It is clear that appraisers holding credentials of the American Society of Appraisers must comply with USPAP and the ASA Business Valuation Standards of the ASA. It is also clear that appraisers holding the ABV (Accredited in Business Valuation) credential of the AICPA must comply with the Statement on Standards for Valuation Services (VS Section 100). Similarly, appraisers holding the CVA (or predecessor designations) of the National Association of Certified Valuation Analysts (NACVA) must follow its Professional Standards.
Recall the last paragraph in the definition of “qualified appraisal” from above:
(2) Generally accepted appraisal standards defined. For purposes of paragraph (a)(1) of this section, generally accepted appraisal standards means the substance and principles of the Uniform Standards of Professional Appraisal Practice, as developed by the Appraisal Standards Board of The Appraisal Foundation. (emphasis in original, bold added)
To help address the question, I again consulted with several prominent tax attorneys. One attorney I talked to said there appears to be some “wiggle room” in the definition of qualified appraisal quoted above. There is a small difference between saying that a qualified appraisal must comply with USPAP and the actual language in the regulation.
Another attorney I consulted said any appraiser who does not comply with USPAP “is asking for a Daubert methodology challenge” and any appraiser who does not follow USPAP is “opening himself or herself up to ‘admitting’ that he or she did not comply with USPAP.”
The first question this attorney said he would ask an appraiser not complying with USPAP, even though complying with another set of standards, is:
Question: “Does your appraisal report comply with the Uniform Standards of Professional Appraisal Practice?”
If your response to the question is “No,” it could be problematic.
If your response is “No, but I don’t have to comply,”, it might still be problematic.
You would have to “prove” to the Court that the standards you followed were a) “generally accepted appraisal standards,” and b) that those standards “conform to the substance and principles of the Uniform Standards of Professional Appraisal Practice, as developed by the Appraisal Standards Board of The Appraisal Foundation.”
An appraiser who chooses not to comply with USPAP is open to questions comparing his or her standards with those of USPAP. For example, USPAP’s Standards Rule 9-4(d) states:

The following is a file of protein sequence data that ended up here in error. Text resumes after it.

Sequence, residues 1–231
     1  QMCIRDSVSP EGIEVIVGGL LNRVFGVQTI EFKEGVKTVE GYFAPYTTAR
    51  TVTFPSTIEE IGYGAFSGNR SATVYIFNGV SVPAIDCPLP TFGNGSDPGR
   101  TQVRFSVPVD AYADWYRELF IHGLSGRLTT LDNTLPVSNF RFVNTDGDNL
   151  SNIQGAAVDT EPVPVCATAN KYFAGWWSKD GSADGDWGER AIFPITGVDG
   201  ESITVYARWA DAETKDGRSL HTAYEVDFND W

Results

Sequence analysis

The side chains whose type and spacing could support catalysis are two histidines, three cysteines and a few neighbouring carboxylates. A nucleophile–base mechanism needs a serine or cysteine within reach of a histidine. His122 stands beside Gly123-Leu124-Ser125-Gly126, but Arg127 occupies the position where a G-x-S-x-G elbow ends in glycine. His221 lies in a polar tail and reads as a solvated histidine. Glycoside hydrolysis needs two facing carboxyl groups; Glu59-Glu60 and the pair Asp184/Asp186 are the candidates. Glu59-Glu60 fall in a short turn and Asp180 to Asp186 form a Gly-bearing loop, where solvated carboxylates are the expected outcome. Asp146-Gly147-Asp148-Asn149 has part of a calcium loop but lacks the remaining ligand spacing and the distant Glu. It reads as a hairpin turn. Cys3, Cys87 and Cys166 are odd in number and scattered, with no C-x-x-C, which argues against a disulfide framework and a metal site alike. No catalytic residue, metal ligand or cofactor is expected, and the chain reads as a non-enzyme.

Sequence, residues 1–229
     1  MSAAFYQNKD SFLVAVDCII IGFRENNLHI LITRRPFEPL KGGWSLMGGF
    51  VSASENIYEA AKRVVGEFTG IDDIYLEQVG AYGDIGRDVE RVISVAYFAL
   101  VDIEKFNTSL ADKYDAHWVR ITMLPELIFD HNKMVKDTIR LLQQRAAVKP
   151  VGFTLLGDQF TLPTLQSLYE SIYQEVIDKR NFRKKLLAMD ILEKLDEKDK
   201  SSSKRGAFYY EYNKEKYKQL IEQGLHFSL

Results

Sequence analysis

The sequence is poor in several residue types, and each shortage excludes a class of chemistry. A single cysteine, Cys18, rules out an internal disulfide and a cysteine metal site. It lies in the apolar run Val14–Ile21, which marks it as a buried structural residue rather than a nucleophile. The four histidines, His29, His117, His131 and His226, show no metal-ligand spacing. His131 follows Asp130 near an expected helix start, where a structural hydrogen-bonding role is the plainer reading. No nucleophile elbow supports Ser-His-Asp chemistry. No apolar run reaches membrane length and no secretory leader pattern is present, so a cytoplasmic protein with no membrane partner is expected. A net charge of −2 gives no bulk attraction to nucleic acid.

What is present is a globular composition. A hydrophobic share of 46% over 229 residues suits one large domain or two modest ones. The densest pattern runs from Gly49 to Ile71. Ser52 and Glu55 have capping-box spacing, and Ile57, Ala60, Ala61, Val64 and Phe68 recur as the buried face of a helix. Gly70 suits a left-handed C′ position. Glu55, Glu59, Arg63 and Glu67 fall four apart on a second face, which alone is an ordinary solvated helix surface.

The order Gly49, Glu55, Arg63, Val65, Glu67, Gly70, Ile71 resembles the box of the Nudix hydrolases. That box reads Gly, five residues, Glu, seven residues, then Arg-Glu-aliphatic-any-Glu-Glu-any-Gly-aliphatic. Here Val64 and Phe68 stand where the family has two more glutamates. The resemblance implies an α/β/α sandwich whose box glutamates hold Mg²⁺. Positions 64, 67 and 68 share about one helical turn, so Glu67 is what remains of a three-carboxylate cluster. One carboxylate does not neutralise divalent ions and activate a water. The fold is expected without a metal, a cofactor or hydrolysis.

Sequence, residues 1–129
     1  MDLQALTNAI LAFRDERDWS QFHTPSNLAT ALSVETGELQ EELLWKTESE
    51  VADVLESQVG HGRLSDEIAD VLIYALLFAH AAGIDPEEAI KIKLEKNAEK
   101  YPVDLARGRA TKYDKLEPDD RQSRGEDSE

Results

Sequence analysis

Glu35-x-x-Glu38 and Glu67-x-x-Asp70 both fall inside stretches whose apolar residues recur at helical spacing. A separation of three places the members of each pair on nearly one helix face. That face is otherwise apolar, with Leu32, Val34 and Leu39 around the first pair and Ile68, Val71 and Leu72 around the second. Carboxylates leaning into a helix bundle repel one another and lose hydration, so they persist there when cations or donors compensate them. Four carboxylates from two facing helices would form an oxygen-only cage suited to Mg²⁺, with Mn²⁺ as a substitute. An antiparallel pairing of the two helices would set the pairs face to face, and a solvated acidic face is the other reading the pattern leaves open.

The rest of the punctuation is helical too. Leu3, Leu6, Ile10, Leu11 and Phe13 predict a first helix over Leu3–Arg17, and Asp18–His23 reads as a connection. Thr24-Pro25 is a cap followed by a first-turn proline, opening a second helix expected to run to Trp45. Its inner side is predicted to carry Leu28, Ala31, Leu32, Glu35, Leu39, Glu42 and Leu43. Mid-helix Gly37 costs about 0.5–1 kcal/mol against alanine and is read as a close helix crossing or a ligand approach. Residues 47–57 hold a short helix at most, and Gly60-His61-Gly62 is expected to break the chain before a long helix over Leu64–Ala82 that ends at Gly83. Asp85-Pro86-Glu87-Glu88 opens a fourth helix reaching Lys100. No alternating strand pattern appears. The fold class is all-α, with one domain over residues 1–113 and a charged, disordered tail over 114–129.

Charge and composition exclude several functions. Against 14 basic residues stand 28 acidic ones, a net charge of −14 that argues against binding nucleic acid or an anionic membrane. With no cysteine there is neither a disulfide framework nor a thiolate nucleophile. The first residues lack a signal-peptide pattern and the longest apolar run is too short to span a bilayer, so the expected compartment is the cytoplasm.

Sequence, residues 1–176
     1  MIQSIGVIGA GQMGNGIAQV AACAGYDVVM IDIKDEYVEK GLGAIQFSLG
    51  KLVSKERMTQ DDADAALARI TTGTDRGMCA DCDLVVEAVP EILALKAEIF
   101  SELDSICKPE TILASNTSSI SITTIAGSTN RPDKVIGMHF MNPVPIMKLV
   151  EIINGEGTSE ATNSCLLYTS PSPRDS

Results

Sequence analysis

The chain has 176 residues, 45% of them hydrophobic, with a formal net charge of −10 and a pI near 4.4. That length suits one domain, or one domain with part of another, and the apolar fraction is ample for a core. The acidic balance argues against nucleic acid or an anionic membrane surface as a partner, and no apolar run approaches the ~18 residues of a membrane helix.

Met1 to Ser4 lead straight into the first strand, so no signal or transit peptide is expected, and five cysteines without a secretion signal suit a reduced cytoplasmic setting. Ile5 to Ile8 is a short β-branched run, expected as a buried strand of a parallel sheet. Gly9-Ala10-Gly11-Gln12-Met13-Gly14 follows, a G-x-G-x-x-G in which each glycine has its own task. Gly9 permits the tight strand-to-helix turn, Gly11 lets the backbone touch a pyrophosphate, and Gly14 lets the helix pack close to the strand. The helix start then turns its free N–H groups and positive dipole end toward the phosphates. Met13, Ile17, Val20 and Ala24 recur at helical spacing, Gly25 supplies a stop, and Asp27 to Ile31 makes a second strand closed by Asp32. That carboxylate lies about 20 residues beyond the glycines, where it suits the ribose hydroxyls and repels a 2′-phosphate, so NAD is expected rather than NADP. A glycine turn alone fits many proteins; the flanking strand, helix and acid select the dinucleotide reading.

(d) An appraiser must, when necessary for credible assignment results, analyze the effect on value, if any, of the extent to which the interest appraised contains elements of ownership control and is marketable and/or liquid.
Comment. An appraiser must analyze factors such as holding period, interim benefits, and the difficulty and cost of marketing the subject interest.
Equity interests in a business enterprise are not necessarily worth the pro rata share of the business enterprise interest value as a whole. Also, the value of the business enterprise is not necessarily a direct mathematical extension of the value of the fractional interests. The degree of control, marketability and/or liquidity or lack thereof depends on a broad variety of facts and circumstances that must be analyzed when applicable. (bold in original, italics added)
Suppose an appraiser complying with other standards and not USPAP was asked: “Do your standards contain “…the substance and principles of the Uniform Standards of Professional Appraisal Practice, as developed by the Appraisal Standards Board of The Appraisal Foundation?”
It took just a couple of minutes to determine that there is no mention of a holding period, interim benefits, or distributions in either the AICPA’s SSVS or NACVA’s Professional Standards. The only mention of dividends in the Professional Standards is in a list of factors from Revenue Ruling 59-60. There are two mentions of dividends in SSVS, in definitions of equity cash flow and invested capital net cash flow. This is not a criticism of either set of standards. However, a non-complying appraiser is open to the obvious question:
“Did you not comply with USPAP to avoid this very specific guidance?”
So my last question in Mercer’s Musings #1 is my answer to the first question above:
“If I held an ABV credential or a CVA credential and did not hold the FASA designation, why wouldn’t I insure that my tax-related appraisals comply with USPAP?”
As always, comments are welcome.
Until next time, be well!